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Sleepy Hollow

movie reviewmovie reviewmovie review out of 4 Movie Review: Sleepy Hollow

Starring: Johnny Depp, Christina Ricci
Director: Tim Burton
Rated: R
RunTime: 100 Minutes
Release Date: November 1999
Genre: Horror

*Also starring: Casper Van Dien, Miranda Richardson, Michael Gambon, Marc Pickering, Christopher Walken, Michael Gough, Christopher Lee, Jeffrey Jones, Lisa Marie

Review by AlexI
3½ stars out of 4

Imagine: Sherelock Holmes encounters a mystery, where murder and other unexplained events are caused by no human, but truly a supernatural force. "Sleepy Hollow" begins in New York. The year is 1799. The new millenium is right around the corner and the progress of science and technology has no limits. The virtuous constable Ichobod Crane (Johnny Depp ), reflects that mentality and stands as a symbol for the upcoming era, a man ahead of his time in his belief in scientific evidence and forensics, at the dawn of a new century of enlightenment -- a sophisticated and moral man, who has chosen the police work of noble and even poetic reasons. Ichobod likes to think of himself as a progressive citizen, a pioneer of his work and a scientist of the modern world. His scientific inventions and humanistic attitude has become a problem for his superiors. He is therefore sent to investigate an ancient and unsolved mystery. A row of bizarre murders in an isolated village, called Sleepy Hollow, where victims have been found in the woods..decapitated. As Ichobod nobly accepts this task, he finds himself in a completely different world, a parallel universe, where logic doesn't exist and science can't help. The frightened villagers reveal the shocking truth of a demon, a headless horseman that haunts the woods. Determined to discover the "true identity of the assassin", and paying no attention to the warnings, he continues to investigate, using his scientific inventions. While heads continue to fly, Crane experiences frightening childhood visions of his own, remembering things he wanted to forget. His science and technology, on which he depended on, show no results, and all he believed in, slowly fades away. He is on the brink of a complete mental breakdown, when he falls in love with a mysterious beauty (Christina Ricci ), who wishes to help him in his quest. Ichobod continues to blindly trust in logic and reason, until he goes into the dark woods and sees the demon for himself..

Andrew Kevin Walker ("Se7en" ) and Kevin Yagher have both done a great job, transforming Washington Irving's primitive ghost story ("The Legend of Sleepy Hollow") into a likable film. But it is director Tim Burton that has made it into a memorable experience. He has created a staggering and beautiful magical world, which is nothing less than a visual feast. This is simply the most beautiful and visually enchanting film since Francis Ford Copolla's Dracula. This being the case, it is not hard to guess that the visual power of this film overshadows the acting, which by the way is surprisingly convincing. Johnny Depp is fabulous as the confused scientist. A delightful and fresh performance, combining high humor with some serious psychological themes. Christina Ricci is solid but a little less impressive than she has been of late, but she gracefully floats in her role as a clean, kind hearted white witch who captures Ichabodís heart -- an untamed, free spirit of the wild. Ichobod and Katrina are completely different souls, completing each other with their opposites. Their love story is one of the key elements in the film, but it is the personal evolution of Ichobod Crane that is its heart. And as the story progresses, we learn more about him and his past. He is a man blinded by science and naively believing in technology, reason, logic and simple explanations. Although he would like to think otherwise, his vision is rather limited and primitive. As he enters this strange parallel universe, he doesn't know what to do, how to react or how to explain the events happening around him. This, his aristocratic origin, dry wit and emotional inexperience serves both as terrifying horror, philosophical thoughts and comic relief. Caught between dream and reality, he takes a step into another world and another life...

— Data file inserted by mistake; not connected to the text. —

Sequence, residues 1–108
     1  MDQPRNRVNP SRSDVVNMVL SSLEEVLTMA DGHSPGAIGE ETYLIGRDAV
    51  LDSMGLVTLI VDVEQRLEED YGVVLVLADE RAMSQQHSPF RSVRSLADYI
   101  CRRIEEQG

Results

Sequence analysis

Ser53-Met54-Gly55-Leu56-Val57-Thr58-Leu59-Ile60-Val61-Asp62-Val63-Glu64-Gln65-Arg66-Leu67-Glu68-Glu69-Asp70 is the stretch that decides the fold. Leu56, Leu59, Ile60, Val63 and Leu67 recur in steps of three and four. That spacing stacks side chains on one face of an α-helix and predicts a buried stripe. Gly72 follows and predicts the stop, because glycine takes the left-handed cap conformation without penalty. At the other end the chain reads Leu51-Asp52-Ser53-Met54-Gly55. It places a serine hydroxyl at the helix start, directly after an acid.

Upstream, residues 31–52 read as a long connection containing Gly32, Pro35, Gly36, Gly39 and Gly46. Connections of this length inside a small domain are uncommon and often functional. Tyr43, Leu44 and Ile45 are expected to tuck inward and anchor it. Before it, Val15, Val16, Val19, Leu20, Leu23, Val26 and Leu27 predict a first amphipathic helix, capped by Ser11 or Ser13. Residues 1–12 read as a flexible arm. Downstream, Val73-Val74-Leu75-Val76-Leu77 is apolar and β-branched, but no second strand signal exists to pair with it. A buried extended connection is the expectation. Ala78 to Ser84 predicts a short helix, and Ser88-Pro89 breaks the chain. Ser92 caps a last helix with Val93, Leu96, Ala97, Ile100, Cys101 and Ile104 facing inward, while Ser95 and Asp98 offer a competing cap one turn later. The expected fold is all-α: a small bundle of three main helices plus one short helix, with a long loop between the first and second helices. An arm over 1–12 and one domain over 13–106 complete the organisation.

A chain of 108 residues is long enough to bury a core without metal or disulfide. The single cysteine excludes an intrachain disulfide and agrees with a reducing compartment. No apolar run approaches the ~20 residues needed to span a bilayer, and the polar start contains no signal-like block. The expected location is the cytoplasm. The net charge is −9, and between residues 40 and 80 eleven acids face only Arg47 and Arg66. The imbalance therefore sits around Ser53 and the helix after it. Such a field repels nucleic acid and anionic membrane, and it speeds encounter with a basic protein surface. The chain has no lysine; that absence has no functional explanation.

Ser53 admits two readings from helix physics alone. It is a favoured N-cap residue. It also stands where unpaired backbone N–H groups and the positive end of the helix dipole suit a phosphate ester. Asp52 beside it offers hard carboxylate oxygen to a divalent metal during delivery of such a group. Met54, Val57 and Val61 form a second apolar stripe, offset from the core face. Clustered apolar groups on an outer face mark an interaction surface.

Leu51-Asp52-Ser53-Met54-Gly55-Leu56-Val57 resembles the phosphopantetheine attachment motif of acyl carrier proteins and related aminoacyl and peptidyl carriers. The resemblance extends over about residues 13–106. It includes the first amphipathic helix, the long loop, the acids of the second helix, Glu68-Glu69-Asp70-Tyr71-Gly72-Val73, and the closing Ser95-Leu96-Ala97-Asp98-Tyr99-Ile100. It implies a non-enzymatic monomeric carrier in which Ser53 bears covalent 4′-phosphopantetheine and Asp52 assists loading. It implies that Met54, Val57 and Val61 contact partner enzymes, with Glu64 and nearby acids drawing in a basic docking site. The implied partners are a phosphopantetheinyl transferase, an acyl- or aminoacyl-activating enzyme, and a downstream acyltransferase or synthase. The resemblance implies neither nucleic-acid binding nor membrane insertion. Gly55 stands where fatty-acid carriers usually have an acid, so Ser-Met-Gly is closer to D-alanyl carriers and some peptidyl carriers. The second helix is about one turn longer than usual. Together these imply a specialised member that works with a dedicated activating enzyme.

Like "Don Quixote", "Sleepy Hollow" is a bittersweet parable about the perils of the imagination as it's affected by reading or hearing stories. Like Copolla's Dracula, this is a surreal filmatic experience -- a fairytale vision. Sleepy Hollow is a place lost in time, somewhere between dream and reality. There's no one that can copy Burton in his work. His exceptional visual imagination allows him to create wonders on virtually every shot. There's something undeniably touching about such unreasonable passion and devotion, and I suppose some of the same sort of piety can be found in Sleepy Hollow. All his movies have the fervent fanaticism of a cult taste projected into the mainstream with affection as well as confidence. He creates a dark and moody atmosphere of contrasts and symbolism. Seeking balance, Burton paints a landscape of extreme contrasts, purely good and evil; the man of science, that keeps his feet on the ground, and the woman of nature, a wild spirit that flows with the wind, are set against the landscape, which is a reflection of mood and atmosphere -- and what a magical landscape it is! The only problem is that the film gets rather unfocused after the all-too-traditional climax, where evil is unmasked and good prevail. But then again, this is a fairytale.

Sleepy Hollow presents a magical art direction, enchanting cinematography, moody musical score and some fabulous visual effects--a ravishing visual experience, and an entertaining and interesting detective story, with the right dose of horror, romance and humor. This film is a thrilling ride back to the turn of the 19th century.

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